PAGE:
The late-season berry program at California Giant in Watsonville, CA, involves more than just strawberries. The company will also have California-grown raspberries and blackberries as well as Northwest blueberries well into September, according to Cindy Jewell, marketing director.
“We will probably be in the last portion of the Northwest blueberries from mid-August to mid-September. That is kind of when it winds down,” Jewell said. “We will still have blueberries coming out of British Columbia. It has been a good long season for them. They have had good weather all this month,” and the growers are “looking forward to keeping it going.”
The blueberries, as with the company’s other berries, will be packed in the “California Giant” label.
Some of the blueberries are shipped direct from the Northwest; others are brought down to Watsonville and consolidated with California Giant’s other products.
“It has definitely been a big blueberry season,” Jewell said.
In addition, “we are still doing blackberries and raspberries,” she said. Those are “all from right here in the Watsonville area,” and the program is similar to last year. “We will have those all the way through August and into September,” with the blackberries probably going a little longer than the raspberries.
The big program for fall, however, is strawberries. “We are really focused on the fact that the strawberry season is ongoing,” Jewell said. Good production of some of the best varieties was “still to come.” In particular, “we are really excited about the Monterey variety. The whole discussion this morning in our weekly crop update call was how pleasantly surprised growers are about that.
The Monterey is “a pretty exceptional variety,” she said July 25. “If you go out in the field right now, it doesn’t even look like it is going to be August next week. The plants are very hardy. There are tons of blooms. Size is still really good. Flavor is really good. It is pretty encouraging.”
Jewell said she had been out in a grower’s strawberry field in Watsonville just the day before with a buyer, and “quality is great. We ate strawberries for an hour and a half, so it was very nice.” The grower plans to have “a lot more acres up here next year of the Monterey variety,” she said.
In the Watsonville-Salinas area, “we are having the best luck with the Monterey variety,” she said.
In addition to the Watsonville-Salinas production, which will continue into November, California Giant will also have a fall program in Santa Maria from summer planting. “We will probably see a lot more of the San Andreas [variety] in that region,” Jewell said.
The company has the same acreage in production in Watsonville and Salinas as last year, “but our yields are higher because of the variety that we are growing. “We try to make sure” that the amount planted is justified by customers’ demands, she said. “We try to be grower conscious and return conscious.”
For many years, California Giant did not have “any kind of a program” specifically for the fall harvest, not wanting to compete with what the company’s growers already had in production that would carry into fall. “When you have a Watsonville-Salinas program that goes into November, the last thing you want to do is make a shift in production” that jeopardizes the growers’ abilities to get returns, she said.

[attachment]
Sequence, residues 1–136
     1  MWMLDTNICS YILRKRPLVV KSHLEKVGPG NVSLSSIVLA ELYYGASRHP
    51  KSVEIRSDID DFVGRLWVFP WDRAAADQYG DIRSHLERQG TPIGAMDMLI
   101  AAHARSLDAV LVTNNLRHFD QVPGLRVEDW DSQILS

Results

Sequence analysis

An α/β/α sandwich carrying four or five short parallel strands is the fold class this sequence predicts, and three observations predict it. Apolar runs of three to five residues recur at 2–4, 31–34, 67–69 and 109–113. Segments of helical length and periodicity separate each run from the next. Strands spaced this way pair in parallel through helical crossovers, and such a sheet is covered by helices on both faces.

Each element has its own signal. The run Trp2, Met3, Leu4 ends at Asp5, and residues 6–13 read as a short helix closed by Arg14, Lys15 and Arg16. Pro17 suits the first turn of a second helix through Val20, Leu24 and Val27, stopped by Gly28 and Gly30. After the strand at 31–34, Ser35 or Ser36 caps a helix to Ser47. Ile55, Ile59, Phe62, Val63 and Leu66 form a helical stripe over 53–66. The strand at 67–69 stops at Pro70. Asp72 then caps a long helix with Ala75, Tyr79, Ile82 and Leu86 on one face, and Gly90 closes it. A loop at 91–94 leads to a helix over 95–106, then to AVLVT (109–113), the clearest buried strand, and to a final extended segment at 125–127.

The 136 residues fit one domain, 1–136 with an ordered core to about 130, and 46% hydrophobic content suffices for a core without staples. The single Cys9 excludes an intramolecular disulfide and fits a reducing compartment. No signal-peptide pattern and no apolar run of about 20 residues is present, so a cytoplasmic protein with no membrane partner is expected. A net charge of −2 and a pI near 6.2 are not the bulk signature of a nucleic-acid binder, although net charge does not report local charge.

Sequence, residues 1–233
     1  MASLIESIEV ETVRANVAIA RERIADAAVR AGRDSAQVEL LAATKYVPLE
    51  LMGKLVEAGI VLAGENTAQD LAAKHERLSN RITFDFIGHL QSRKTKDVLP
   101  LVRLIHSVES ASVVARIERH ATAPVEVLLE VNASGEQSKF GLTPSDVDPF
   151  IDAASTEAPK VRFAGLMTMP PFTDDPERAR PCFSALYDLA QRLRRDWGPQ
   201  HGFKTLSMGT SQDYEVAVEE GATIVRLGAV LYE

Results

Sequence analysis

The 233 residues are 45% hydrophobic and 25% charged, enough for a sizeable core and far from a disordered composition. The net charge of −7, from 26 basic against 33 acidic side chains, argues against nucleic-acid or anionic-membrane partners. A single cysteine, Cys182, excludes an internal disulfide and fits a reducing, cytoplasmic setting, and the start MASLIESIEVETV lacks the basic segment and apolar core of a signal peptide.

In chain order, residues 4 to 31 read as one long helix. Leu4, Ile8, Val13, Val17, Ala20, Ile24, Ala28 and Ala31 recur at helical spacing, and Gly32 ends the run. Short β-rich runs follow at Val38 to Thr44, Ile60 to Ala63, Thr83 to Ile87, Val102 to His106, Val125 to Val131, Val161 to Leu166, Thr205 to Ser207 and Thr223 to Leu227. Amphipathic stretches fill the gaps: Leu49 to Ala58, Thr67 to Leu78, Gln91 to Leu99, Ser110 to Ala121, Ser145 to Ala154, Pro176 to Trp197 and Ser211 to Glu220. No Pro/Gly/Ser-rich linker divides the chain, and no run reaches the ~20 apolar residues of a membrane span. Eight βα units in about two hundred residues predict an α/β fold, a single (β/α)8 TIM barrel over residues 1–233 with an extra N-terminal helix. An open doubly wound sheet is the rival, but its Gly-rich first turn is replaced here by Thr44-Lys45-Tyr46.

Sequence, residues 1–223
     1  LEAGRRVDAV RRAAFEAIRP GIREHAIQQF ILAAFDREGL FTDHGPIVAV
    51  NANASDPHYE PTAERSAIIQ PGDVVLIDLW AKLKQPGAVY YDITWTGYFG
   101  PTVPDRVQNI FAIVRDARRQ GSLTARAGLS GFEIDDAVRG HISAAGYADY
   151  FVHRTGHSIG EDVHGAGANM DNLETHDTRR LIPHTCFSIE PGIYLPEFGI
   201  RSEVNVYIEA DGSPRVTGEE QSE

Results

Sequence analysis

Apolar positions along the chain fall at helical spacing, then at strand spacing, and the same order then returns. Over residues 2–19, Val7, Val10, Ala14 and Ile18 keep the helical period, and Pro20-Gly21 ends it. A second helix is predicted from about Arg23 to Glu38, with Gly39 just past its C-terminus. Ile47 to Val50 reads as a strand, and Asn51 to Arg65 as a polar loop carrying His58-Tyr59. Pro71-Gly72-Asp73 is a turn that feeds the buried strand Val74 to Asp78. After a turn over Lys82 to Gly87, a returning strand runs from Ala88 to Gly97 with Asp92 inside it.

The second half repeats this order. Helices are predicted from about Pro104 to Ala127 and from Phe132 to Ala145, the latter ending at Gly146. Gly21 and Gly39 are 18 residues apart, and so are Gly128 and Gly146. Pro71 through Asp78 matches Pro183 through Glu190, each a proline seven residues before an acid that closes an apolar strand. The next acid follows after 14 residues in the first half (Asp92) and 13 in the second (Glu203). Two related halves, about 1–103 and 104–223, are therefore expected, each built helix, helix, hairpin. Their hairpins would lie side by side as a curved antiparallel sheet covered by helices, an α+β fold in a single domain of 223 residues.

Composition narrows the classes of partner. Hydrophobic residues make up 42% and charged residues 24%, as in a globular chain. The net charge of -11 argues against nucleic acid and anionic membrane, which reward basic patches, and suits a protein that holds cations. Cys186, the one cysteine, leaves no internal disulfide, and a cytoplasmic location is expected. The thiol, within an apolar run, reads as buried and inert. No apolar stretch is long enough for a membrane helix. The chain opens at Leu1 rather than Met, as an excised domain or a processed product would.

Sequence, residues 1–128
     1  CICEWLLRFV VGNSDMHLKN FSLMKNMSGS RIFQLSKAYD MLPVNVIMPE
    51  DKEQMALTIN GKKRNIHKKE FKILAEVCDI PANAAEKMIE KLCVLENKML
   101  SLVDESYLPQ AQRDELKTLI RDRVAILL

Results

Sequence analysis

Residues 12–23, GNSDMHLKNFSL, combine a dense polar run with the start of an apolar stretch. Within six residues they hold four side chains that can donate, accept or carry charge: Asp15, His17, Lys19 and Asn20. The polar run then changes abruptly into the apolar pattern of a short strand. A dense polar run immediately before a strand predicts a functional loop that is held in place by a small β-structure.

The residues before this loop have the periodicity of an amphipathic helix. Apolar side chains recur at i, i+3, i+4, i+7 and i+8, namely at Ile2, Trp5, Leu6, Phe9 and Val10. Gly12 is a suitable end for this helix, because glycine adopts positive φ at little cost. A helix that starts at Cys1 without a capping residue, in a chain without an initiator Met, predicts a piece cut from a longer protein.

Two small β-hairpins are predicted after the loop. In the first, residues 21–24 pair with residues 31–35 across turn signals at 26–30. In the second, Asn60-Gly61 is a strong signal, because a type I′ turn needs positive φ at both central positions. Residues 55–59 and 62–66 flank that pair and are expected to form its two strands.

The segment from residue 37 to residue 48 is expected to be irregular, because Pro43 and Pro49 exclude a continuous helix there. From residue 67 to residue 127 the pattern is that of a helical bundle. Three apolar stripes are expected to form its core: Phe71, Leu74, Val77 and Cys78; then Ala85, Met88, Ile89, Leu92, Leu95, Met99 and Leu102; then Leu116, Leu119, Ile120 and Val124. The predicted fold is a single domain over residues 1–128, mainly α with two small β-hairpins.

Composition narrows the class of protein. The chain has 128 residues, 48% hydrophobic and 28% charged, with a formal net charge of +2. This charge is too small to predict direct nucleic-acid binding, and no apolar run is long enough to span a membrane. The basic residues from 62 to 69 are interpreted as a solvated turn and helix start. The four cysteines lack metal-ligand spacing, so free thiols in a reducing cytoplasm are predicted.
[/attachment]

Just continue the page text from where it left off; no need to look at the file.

With a fall program in Santa Maria this year, “we try to make sure that the fall crop we have in Santa Maria just complements what we have [in Watsonville-Salinas] and doesn’t take away from it,” she said. The Santa Maria program “helps to bolster the volume, as some acreage transitions out in Watsonville-Salinas,” usually for purposes of crop rotation, “so we are able to keep the volume steady.”
Labor availability has been an issue this year. “I guess the fact that we still have workers in our fields is good news,” Jewell said. Five years ago, conversations with growers centered on different issues, but these days the conversations are mostly about “what it takes to keep your work force.”
Workers have become “much more savvy” in finding the best employers to work for and the most advantageous work situations, she said. “They know exactly what variety is being harvested, and they can look at a field and figure out how many trays they will be able to harvest in a day” as well as which styles of packaging are most profitable for them to pack. “So there is a lot of pressure on growers to be very good growers and to be strategic about what varieties they grow” and what kind of packaging they pack.
In August and September, California Giant is partnering with Sony Motion Pictures, tying in with the movie Cloudy with a Chance of Meatballs in a campaign to support Feeding America, Jewell said. In October, the company will be involved in a breast cancer awareness program. Also, “we will do some blueberry promotions the beginning of November to kick in the winter season” for blueberries out of Argentina and Chile.